In search of the highpoints in seven of Northern California’s wilderness areas, we went for a short hike and scramble in the small (10,609 acre) Castle Crags Wilderness, located just west of the town of Mount Shasta, California (details). The area is probably best known for the Castle Crags, a dramatic formation of towering granite spires – ranging in height from 2,000 feet at their base along the Sacramento River to over 7,200 feet at the summit of the tallest crag. The largest are clearly visible from Interstate 5 just south of Mount Shasta. In 2011, we climbed well-known Castle Dome (4,966 feet) from Castle Crags State Park on the south side of the wilderness (post).
But the Dome, while a really fun Class 4 climb, is not the highest point in this wilderness. That honor belongs to Point 7200, located just south of Upper Gray Rock Lake in the northern part of the wilderness. According to information on SummitPost (here), the peak was unofficially named “Harry Watkins” in the 1950s by local Boy Scouts – for the same Harry Watkins who gave his name to Watkins Glacier on Mount Shasta. The name eventually fell into disuse and no “official” name for the peak was ever established. Just knowing that Point 7200 is the highest summit in the wilderness, one of the highest summits in the Trinity Divide, and one with supposedly excellent views from its crown, was enough to get us heading toward it.
From the town of Mount Shasta, we went west on W. Lake Road, crossed over I-5 and, at the stop sign, turned left onto Old Stage Road. After 0.25 miles, we veered right onto WA Barr Road (which becomes Forest Road 26) and followed that for 9 miles past the dam that impounds the Sacramento River and forms Lake Siskiyou. After 9 miles, we turned left across a Forest Service bridge over the Sacramento River (this will be the first bridge you come to). We veered left after the bridge, then made a sharp right hand turn onto Forest Road 39N45 (no sign but hard to miss). After 1.25 bumpy, lumpy gravel miles, we turned left on to Forest Road 39N41. Again, no sign but wear on the road made our choice obvious. More bumpy road for another mile until we came to a sharp uphill turn to the left and a dramatic decline in the road’s fortunes. With our 4×4 truck, we could have bulled our way the additional 0.25 miles to the Gray Rock Lakes trailhead. But it seemed easier to just park here and walk. A carefully driven 2WD sedan should have no problem making it this far (and one was waiting for us when we got there!).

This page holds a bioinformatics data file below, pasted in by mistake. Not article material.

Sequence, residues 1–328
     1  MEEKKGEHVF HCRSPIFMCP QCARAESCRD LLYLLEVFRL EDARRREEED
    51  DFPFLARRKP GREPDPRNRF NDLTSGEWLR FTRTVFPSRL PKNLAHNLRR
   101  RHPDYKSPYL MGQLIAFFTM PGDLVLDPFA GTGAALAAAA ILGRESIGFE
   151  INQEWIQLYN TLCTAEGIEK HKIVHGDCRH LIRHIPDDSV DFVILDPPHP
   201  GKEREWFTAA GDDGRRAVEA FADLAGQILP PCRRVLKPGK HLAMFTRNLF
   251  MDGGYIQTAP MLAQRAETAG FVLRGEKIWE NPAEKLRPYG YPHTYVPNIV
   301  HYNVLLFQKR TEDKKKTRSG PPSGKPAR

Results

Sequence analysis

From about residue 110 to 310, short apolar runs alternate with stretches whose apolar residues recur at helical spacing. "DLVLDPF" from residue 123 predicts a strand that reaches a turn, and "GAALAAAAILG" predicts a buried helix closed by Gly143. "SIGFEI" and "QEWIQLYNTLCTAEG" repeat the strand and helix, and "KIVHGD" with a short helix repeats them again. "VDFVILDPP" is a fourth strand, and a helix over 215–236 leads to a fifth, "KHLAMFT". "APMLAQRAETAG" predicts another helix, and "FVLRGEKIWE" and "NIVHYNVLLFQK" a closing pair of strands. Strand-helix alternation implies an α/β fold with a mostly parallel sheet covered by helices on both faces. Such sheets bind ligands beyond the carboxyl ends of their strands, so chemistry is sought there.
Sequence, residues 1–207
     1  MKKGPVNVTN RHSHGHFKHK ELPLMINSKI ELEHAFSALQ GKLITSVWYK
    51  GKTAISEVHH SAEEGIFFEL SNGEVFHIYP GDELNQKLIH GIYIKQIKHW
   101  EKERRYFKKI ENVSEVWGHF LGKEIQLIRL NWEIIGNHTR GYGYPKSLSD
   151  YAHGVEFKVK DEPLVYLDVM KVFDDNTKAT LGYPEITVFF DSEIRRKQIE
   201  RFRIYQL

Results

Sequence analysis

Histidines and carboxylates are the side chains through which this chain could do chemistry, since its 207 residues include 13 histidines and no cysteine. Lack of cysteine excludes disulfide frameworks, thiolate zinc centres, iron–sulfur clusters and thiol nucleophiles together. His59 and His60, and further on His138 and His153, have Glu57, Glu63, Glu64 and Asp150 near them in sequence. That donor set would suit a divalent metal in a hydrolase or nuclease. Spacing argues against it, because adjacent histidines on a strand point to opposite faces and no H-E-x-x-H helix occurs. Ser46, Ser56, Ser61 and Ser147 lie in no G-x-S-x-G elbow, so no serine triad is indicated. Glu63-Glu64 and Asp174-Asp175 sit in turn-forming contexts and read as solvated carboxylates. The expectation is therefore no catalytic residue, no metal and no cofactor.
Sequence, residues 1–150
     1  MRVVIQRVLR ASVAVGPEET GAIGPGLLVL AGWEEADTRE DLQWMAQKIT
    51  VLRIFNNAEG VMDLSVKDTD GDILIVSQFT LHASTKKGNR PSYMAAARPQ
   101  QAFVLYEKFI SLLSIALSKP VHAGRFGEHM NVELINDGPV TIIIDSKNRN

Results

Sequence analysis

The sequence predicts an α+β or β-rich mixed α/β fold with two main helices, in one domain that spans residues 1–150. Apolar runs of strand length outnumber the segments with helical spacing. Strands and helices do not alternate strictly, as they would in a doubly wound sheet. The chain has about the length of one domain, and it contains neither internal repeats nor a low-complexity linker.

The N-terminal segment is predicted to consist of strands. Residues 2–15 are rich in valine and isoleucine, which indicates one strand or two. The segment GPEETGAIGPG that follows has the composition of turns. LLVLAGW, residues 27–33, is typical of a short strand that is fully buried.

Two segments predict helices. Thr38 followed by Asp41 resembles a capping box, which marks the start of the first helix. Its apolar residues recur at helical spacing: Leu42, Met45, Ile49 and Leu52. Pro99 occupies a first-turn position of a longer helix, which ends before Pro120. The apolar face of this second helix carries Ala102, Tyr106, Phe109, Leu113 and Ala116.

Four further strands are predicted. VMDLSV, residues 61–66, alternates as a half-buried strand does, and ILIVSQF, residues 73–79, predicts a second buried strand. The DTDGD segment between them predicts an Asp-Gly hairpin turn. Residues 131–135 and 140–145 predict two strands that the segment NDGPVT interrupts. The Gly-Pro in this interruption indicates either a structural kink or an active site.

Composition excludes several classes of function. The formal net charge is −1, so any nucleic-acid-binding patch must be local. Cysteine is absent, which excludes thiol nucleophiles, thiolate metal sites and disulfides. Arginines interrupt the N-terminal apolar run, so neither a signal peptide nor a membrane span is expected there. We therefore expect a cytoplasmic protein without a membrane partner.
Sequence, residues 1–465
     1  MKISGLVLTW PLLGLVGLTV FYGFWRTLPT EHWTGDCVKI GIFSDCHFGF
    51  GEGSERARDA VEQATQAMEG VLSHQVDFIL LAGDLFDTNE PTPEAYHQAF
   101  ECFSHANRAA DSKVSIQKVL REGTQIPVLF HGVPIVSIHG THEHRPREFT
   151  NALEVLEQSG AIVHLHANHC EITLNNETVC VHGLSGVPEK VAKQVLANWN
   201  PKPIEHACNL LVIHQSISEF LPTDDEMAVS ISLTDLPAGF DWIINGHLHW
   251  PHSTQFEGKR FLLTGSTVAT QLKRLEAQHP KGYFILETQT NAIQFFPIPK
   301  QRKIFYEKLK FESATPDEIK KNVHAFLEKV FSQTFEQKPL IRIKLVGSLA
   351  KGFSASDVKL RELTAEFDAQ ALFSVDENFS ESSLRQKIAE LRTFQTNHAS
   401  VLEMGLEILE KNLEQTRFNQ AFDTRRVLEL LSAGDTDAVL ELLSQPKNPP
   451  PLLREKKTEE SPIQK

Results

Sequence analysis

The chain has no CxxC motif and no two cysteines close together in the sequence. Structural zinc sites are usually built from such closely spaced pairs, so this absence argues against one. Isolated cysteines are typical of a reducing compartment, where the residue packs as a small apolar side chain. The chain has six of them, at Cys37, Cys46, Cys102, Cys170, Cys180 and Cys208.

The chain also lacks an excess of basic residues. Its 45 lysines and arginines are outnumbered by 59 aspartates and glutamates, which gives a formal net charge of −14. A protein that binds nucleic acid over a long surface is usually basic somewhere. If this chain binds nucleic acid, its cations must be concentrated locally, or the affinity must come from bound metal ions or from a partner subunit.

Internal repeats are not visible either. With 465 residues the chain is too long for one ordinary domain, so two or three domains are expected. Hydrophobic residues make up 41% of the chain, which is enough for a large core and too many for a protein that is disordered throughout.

From the trailhead, the trail to the Gray Rock Lakes does a slow climbing traverse above the valley that drains Timber Lake. It was early in the morning, but we were already on our way to another hot day – even here at 6,000 feet.
In less than a mile, we reached Gray Rock Lake, placid and reflective in the still of the morning. We were braced for attack by mosquitos but thanks to swarms of dragonflies instead, there were no biting bloodsuckers available to torment us.
The trail is robust up to Gray Rock but gets a little sketchier as it climbs through low growing, but dense, manzanita on its way to Upper Gray Rock Lake.
Upper Gray Rock sits in a cirque hemmed in by Point 6936 to the north and “Harry Watkins” (Point 7200) to the south; the summit of “Harry Watkins” is along the ridge to the left. The obvious trail fades away here at some campsites on the northwest side of the lake. After that it was cross-country up toward the low point on ridge just left of the big snow patch.
By paying attention, we were able to largely avoid the brush as we made a climbing traverse around the northwest side of the lake, up through the trees, and out onto the boulder and scree fields just below the summit ridge. Getting up the scree was the nastiest part of this climb but we now had increasing views of Mount Shasta and Upper Gray Rock Lake to distract us from the slogging and sliding.
We had been warned that we would likely have to contend with a lot of brush as we worked our way up the ridge from the saddle – always problematic given our preference for hiking in shorts. Bad brush did not, however, prove to be the case. Yes, there was a LOT of brush on the top and southwest side of the ridge BUT there was very little on the northwest side or in the forest patches along the ridge. There were also several brush-free boulder fields to climb on. So, by staying left and aiming for forest or boulder fields, we had a near brush-free path to the summit.
There was, of course, a small “false” summit,
but shortly thereafter we reached the real summit and started scouting the view.
As promised, we had views in every direction: Mount Shasta immediately to the east,
the Trinity Alps to the west,
the Castle Crags themselves almost in the foreground to the south,
and, visible through the heat haze only because of a lingering snow field, Mount McLoughlin to the north.
Even Lassen Peak was dimly visible on the southern horizon through the heat haze. We soaked in the view, downed a small snack (and a lot of water), and headed down the way we’d come up. Again, the too slippery, but mercifully short, scree slope was the worst part of the descent.
The trail between Gray Rock and Upper Gray Rock has some sketchy spots; a situation only worsened by the confused braiding of various use trails made by others searching for “the” trail. This was our biggest encounter with brush on the whole hike – more so than the cross-country parts! Shorts – despite the increasing heat – were not welcome attire at this juncture.
An even shorter hike (4.8 miles round trip, 1,600 feet of elevation gain) than yesterday but a real good one given the inviting lakes and the big views from the summit!
Temperatures were toasty – even at 6,000 feet – by the time we made it back to the truck, so an air conditioned lunch in Mount Shasta was a welcome relief before we hit the road for home.BACK TO BLOG POSTS
Leave a Reply